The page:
We have great respect and appreciation for both men. We thank them for their time and effort as part of our Major League team and the Pirates organization. It was a difficult decision, but we felt it was the right time to make this change on our Major League staff. We look forward to Nick’s continued impact in his future role with the Pirates. Nick has held nearly every coaching position at the major league level and at the minor league level, including Major League manager, in his extensive career and will be a quality mentor for our minor league managers, coaches and players.

Lineups for Dodgers-Cubs NLCS Game 6

CHICAGO, IL - OCTOBER 16:  Kyle Hendricks #28 of the Chicago Cubs throws a pitch in the first inning against the Los Angeles Dodgers during game two of the National League Championship Series at Wrigley Field on October 16, 2016 in Chicago, Illinois.  (Photo by Jonathan Daniel/Getty Images)
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With Game 6 of the NLCS just hours away, the Dodgers will opt for a lefty-heavy lineup against right-hander Kyle Hendricks. Batting leadoff is rookie outfielder Andrew Toles, who made one appearance at the top of the lineup during the 2016 season. The Cubs, meanwhile, will bench Jason Heyward in favor of Albert Almora Jr.. This will be Almora’s first start of the playoffs, and while he has yet to face Kershaw in October, his right-handed bat could play well against the lefty at the bottom of the lineup.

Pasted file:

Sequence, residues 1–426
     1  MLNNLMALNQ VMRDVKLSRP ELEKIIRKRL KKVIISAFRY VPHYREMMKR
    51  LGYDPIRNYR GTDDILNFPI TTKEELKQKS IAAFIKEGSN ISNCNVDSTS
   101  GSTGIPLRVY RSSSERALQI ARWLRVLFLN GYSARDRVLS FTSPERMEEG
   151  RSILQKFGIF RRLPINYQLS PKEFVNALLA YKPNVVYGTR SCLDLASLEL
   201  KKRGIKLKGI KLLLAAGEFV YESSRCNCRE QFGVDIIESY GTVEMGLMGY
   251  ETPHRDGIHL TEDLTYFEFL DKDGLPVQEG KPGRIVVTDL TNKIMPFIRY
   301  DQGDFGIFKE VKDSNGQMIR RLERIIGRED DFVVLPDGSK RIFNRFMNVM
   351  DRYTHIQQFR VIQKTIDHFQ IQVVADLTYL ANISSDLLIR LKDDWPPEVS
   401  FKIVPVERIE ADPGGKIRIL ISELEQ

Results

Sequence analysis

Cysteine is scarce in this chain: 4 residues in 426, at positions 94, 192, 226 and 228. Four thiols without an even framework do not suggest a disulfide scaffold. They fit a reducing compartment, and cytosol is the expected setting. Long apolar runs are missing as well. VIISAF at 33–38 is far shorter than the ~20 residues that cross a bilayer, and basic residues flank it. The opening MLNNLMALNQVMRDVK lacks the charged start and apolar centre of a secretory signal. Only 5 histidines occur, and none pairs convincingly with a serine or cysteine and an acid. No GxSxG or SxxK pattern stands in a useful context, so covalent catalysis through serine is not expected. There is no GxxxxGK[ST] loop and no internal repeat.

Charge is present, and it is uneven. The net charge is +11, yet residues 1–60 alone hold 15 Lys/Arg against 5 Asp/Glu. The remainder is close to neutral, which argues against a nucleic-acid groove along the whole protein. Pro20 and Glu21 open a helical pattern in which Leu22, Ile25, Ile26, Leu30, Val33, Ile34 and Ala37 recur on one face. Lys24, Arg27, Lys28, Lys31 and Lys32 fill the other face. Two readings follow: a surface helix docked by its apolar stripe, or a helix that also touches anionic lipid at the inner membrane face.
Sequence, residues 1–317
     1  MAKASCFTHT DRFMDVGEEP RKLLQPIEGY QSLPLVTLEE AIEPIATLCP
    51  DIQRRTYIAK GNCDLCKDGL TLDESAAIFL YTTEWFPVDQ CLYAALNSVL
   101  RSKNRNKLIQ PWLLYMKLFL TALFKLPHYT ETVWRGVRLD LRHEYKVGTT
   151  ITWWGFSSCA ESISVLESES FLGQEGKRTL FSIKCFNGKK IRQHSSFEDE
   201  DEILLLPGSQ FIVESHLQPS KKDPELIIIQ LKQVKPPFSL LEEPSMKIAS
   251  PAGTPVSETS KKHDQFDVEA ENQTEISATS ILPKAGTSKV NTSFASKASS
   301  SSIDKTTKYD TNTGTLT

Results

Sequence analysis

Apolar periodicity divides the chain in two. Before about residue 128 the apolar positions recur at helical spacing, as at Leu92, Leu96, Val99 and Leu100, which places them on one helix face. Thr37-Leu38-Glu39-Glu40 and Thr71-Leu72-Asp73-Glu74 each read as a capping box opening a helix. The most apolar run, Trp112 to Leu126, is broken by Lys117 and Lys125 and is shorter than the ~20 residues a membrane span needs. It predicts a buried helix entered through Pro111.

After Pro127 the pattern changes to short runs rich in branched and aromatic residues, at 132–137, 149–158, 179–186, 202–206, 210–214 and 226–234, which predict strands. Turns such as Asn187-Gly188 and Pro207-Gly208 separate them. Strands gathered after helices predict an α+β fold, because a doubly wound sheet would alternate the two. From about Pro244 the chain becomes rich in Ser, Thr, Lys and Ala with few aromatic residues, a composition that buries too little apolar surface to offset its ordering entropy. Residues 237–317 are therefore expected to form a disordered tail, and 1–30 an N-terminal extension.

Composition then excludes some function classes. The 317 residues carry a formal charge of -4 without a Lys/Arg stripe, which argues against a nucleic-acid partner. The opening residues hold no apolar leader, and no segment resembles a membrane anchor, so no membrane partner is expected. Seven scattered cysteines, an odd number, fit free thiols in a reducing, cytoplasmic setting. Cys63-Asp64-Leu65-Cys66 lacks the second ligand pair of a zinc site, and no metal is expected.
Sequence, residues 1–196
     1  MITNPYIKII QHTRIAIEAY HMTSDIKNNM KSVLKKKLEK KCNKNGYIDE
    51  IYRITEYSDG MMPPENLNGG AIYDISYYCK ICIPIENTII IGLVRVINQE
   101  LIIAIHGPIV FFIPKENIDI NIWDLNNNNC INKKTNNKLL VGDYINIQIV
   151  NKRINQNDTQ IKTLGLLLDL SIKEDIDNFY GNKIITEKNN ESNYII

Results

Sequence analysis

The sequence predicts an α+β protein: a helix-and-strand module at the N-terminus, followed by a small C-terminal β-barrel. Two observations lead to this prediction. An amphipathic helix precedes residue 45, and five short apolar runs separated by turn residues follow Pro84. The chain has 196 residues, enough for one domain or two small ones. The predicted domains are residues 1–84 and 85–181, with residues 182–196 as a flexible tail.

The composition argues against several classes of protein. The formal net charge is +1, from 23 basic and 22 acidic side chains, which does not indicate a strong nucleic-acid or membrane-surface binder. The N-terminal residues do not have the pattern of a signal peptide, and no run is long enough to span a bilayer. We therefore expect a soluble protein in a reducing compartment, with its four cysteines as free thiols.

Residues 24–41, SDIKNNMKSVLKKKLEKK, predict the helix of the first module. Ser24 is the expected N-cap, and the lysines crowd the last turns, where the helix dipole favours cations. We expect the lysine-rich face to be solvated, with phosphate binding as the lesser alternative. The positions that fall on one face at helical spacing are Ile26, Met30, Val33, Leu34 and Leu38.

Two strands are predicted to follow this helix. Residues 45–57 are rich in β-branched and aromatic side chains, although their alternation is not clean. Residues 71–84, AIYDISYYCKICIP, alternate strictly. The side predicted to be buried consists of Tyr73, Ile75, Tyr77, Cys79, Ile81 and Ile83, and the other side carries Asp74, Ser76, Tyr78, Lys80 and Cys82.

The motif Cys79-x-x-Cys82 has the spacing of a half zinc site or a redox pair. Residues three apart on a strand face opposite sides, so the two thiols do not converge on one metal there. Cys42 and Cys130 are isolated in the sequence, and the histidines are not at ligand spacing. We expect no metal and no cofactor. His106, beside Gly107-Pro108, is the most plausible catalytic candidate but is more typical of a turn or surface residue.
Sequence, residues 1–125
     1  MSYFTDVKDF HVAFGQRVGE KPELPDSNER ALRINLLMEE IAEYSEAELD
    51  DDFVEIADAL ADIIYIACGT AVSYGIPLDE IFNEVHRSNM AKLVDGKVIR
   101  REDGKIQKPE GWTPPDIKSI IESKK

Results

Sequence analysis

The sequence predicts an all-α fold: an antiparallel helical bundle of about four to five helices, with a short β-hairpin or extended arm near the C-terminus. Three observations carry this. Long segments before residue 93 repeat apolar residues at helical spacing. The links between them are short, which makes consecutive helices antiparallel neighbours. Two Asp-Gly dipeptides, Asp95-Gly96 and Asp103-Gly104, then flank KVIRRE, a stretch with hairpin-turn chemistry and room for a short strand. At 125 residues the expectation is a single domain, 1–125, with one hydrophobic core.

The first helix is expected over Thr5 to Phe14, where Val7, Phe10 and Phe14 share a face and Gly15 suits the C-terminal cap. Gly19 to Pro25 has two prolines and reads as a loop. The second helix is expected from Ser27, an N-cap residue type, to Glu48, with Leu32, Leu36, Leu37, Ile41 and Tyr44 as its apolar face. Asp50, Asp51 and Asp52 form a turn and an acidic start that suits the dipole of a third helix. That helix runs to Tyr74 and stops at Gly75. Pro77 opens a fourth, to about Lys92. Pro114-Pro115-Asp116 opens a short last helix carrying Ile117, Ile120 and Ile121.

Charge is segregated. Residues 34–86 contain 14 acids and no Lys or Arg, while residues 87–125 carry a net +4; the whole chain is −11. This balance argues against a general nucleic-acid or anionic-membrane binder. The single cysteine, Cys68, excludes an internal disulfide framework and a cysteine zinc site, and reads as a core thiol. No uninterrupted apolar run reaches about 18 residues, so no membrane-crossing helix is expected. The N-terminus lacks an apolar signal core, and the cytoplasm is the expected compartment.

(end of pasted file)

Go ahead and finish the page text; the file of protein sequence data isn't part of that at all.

Game time is scheduled for 8 PM EDT; lineups are below.


1. Andrew Toles (L) LF
2. Corey Seager (L) SS
3. Justin Turner (R) 3B
4. Adrian Gonzalez (L) 1B
5. Josh Reddick (L) RF
6. Joc Pederson (L) CF
7. Yasmani Grandal (S) C
8. Chase Utley (L) 2B
9. Clayton Kershaw (L) LHP
1. Dexter Fowler (S) CF
2. Kris Bryant (R) 3B
3. Anthony Rizzo (L) 1B
4. Ben Zobrist (R) LF
5. Javier Baez (S) 2B
6. Wilson Contreras (R) C
7. Addison Russell (R) RF
8. Albert Almora Jr. (R) RF
9. Kyle Hendricks (R) RHP